Masma Dream World Go Global and Trippy on "Sundown Forest" (premiere)

Dancer, healer, musician Devi Mambouka shares the trippy "Sundown Forest", which takes listeners deep into the subconscious and onto a healing path.


Alright Alright's "Don't Worry" Is an Ode for Unity in Troubling Times (premiere)

Alright Alright's "Don't Worry" is a gentle, prayerful tune that depicts the heart of their upcoming album, Crucible.


'What a Fantastic Death Abyss': David Bowie's 'Outside' at 25

David Bowie's Outside signaled the end of him as a slick pop star and his reintroduction as a ragged-edged arty agitator.


Dream Folk's Wolf & Moon Awaken the Senses with "Eyes Closed" (premiere)

Berlin's Wolf & Moon are an indie folk duo with a dream pop streak. "Eyes Closed" highlights this aspect as the act create a deep sense of atmosphere and mood with the most minimal of tools.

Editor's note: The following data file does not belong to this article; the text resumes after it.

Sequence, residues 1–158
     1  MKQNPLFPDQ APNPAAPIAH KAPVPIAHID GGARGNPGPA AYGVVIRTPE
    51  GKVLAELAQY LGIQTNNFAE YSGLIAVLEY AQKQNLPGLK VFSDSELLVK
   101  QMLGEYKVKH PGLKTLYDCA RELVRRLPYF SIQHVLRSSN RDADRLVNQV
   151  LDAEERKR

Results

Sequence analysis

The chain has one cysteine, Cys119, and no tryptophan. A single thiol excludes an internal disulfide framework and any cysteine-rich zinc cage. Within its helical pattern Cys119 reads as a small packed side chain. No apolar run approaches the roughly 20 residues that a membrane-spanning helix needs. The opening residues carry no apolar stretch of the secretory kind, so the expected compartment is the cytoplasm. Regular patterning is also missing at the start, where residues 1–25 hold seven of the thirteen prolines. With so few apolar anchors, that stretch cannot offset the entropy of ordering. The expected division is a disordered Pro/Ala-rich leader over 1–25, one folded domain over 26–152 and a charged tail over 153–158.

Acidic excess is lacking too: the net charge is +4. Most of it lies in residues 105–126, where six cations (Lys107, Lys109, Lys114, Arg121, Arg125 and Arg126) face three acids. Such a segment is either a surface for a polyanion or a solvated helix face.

Ranking the Seasons of 'The Wire'

Years after its conclusion, The Wire continues to top best-of-TV lists. With each season's unique story arc, each viewer is likely to have favorites.


Paul Reni's Silent Film 'The Man Who Laughs' Is Serious Cinema

There's so much tragedy present, so many skullduggeries afoot, and so many cruel and vindictive characters in attendance that a sad and heartbreaking ending seems to be an obvious given in Paul Reni's silent film, The Man Who Laughs.


The Grahams Tell Their Daughter "Don't Give Your Heart Away" (premiere)

The Grahams' sweet-sounding "Don't Give Your Heart Away" is rooted in struggle, inspired by the couples' complicated journey leading up to their daughter's birth.

Collapse Expand Reviews

Collapse Expand Features

PM Picks
Collapse Expand Pm Picks

© 1999-2020 All rights reserved.
PopMatters is wholly independent, women-owned and operated.